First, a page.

Coming into the 2012-13 NBA season, the Indiana Pacers were supposed to be among the league’s elite teams, and many (including this writer) even had them pegged as contenders. A loss to the rebuilding Charlotte Bobcats was not a great start for the team, and a subsequent blowout at the hands of the San Antonio Spurs has the 2-2 Pacers starting to question their status as an elite team.
“It’s just a little bit of back to where we started, making sure these guys believe that we’re a top team,” Pacers head coach Frank Vogel told Mike Wells of the Indianapolis Star. “By the end of last year there wasn’t any doubt, we knew it. We’re going to have to re-establish that belief. I do talk to them about that despite Danny being out, we still have a beast of a team.”
The Pacers, of course, have been playing without leading scorer Danny Granger, whom some fans believed to be expendable before the team’s rough start without him. Vogel has made the most of it, and has seen impressive play from Paul George and Gerald Green at times, and understands this is just part of the process.
“I think it is more challenging, but again, this is what this league is about,” Vogel said. “Teams deal with injuries to their top guys. It’s something a lot of coaches go through. I haven’t had to deal with it much. This is my first real look at it so we’re just trying to have fun with it.”
With Granger out, the Pacers are struggling to score and rank in the bottom five in the NBA in field goal percentage, assists and turnovers committed as well. Vogel hopes that by getting back to some fundamentals he and his staff can get the team back on track.
“When you’re not executing anything well you’re better off executing a fewer number of fundamentals well,” Vogel said. “Dialing into a few different things and trying to execute those. I have to fill out my part in terms of putting the guys in the best position to succeed.”
It’s no small task for Vogel and the Pacers, but it’s a long season. If they can get the offense rolling before Granger comes back (and reportedly he will miss three months), his return could spark a run that gets the Pacers right where they want to be.
**In related news, the Pacers are said to be considering signing Mickael Pietrus to help them get by until Granger can return.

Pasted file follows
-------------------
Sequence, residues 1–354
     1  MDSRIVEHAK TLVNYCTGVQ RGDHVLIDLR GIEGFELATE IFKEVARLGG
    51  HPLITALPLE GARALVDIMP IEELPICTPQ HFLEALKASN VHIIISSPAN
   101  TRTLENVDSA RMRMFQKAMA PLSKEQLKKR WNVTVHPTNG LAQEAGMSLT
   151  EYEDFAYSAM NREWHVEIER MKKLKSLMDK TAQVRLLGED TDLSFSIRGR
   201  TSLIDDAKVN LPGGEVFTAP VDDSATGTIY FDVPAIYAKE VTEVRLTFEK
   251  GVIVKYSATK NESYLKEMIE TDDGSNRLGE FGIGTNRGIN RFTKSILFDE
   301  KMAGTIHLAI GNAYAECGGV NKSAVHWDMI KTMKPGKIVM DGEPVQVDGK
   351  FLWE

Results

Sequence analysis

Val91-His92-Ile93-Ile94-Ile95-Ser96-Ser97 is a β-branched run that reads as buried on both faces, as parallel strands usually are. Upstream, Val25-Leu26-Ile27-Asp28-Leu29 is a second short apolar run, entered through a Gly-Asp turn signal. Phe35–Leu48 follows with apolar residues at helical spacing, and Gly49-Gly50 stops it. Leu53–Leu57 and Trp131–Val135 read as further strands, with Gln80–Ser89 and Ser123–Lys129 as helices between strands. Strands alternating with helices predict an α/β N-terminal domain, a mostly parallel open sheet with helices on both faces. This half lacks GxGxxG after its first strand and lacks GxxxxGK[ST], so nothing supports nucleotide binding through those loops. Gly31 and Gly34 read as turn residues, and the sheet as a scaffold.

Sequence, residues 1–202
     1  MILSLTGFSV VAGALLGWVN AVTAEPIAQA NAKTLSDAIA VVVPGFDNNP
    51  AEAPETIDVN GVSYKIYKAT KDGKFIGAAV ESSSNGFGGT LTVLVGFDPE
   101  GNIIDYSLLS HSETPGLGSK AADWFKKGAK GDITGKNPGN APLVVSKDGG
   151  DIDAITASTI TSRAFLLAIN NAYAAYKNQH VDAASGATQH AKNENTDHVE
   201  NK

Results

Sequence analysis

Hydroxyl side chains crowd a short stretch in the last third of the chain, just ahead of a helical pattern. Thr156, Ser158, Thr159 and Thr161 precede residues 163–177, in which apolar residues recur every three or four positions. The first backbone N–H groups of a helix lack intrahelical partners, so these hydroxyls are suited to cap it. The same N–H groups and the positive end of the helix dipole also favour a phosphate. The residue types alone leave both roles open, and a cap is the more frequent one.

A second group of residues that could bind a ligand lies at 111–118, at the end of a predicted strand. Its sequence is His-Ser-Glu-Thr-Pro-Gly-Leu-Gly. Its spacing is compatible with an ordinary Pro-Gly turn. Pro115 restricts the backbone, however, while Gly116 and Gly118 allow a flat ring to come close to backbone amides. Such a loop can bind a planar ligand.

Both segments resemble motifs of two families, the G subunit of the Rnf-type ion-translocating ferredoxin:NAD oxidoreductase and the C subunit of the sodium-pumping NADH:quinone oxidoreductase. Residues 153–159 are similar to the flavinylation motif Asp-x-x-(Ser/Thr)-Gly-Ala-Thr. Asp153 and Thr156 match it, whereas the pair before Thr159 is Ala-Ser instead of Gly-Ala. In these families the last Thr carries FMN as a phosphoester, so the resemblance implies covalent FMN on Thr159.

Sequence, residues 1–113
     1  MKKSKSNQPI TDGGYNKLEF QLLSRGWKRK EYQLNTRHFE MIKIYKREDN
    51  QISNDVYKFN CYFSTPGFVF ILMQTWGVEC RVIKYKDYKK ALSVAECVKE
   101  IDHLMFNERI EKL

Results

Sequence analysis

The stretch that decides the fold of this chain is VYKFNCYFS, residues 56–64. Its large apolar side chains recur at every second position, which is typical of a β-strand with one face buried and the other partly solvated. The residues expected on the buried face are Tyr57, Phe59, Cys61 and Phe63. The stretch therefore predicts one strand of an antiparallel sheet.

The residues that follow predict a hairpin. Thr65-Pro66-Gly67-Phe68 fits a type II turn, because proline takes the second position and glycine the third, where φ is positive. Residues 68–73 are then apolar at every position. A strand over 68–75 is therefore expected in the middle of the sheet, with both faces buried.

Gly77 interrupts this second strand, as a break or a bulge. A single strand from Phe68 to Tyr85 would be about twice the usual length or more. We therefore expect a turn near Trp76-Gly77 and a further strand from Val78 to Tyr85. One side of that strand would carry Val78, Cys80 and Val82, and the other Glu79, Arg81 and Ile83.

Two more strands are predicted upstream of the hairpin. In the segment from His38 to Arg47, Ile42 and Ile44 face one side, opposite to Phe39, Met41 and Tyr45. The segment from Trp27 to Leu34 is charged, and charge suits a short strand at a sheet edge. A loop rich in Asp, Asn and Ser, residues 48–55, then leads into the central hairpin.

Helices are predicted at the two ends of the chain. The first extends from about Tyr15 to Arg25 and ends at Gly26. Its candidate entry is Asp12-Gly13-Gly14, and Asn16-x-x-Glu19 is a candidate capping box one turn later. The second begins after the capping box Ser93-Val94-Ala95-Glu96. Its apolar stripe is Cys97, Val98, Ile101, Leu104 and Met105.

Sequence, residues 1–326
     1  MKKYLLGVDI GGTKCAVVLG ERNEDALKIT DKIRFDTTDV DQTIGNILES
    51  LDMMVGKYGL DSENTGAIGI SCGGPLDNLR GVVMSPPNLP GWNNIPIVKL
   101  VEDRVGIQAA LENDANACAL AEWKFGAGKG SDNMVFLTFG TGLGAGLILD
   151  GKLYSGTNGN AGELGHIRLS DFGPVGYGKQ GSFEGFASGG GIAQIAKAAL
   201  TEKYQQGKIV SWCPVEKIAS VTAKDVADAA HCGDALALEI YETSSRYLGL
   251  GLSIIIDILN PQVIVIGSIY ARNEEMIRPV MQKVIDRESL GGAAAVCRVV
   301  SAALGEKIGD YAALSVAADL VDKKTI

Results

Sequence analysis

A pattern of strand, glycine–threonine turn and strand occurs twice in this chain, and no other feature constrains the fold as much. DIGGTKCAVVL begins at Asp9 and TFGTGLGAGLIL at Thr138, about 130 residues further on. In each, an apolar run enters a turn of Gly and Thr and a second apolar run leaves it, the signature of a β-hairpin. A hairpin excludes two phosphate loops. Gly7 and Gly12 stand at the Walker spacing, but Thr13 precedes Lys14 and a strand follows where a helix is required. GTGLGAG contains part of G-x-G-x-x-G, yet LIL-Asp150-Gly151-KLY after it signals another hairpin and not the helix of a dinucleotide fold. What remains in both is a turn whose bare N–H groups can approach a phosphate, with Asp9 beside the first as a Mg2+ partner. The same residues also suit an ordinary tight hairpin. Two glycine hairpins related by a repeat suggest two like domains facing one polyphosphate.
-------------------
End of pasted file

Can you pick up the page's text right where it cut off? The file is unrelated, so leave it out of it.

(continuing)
Sanity Break From Stan Van Gundy
When the NBA announced that it would be cracking down on flopping this season, many of us scratched our heads. How, exactly, would they do that? Sure, we read the official rule, but there’s so much gray area involved that the entire rule might as well be written in disappearing ink.
Former Orlando Magic head coach Stan Van Gundy is an astute observer of the league, and he recently injected a shot of sanity in the discussion of how to get players to keep their feet and play defense instead of falling all over the court in an effort to fool the nearest referee into blowing his whistle.
“To me it is pretty simple but they won’t do it this way: Leave it to the referees,” Van Gundy offered in a recent interview with Sports Illustrated. “If you just told referees, ‘Look, you have a guy flopping and don’t give him any calls, period.’ That would stop it in a heartbeat. It’s natural selection. Once it does not work anymore, it’ll disappear. A $500 fine will not have much of an effect. What will have an effect is a guy not getting any calls anymore. Once he stops getting calls, all of sudden the behavior disappears. But they don’t want to handle it that way so I don’t think anything will really come off this.”
Makes way too much sense, doesn’t it? Let a player get a reputation as a consistent flopper and simply stop making calls for him. All of a sudden that player’s opponent gains a huge advantage, and soon the problem will correct itself. There’s no question that flopping is out of control and needs to be addressed, but the way to address it is still a work in progress.
“I think the attempt to try to address it is a good thing but I don’t see the rule having much effect,” said Van Gundy. “First of all, I think the only ones that you will see penalized are very, very egregious flops. I’d be surprise if it even got to one a game, and I think anybody who watches basketball knows that there is far more than one every game.”
We’re certainly not anywhere close to one a game yet, and the refs usually enforce a new rule more strictly early in the season to show players they mean business.
It remains to be seen whether or not the new NBA crackdown on flopping will have much of an effect, but if it fails to curb the practice perhaps Van Gundy’s idea will get some consideration.
It really does make too much sense.
Twitter: Make sure you are following all of our guys on Twitter to ensure you are getting the very latest from our team: @stevekylerNBA, @AlexKennedyNBA, @TheRocketGuy, @EricPincus, @joelbrigham, @alexraskinNYC, @SusanBible, @DPageHoopsWorld , @stevesraptors, @TommyBeer and @YannisHW.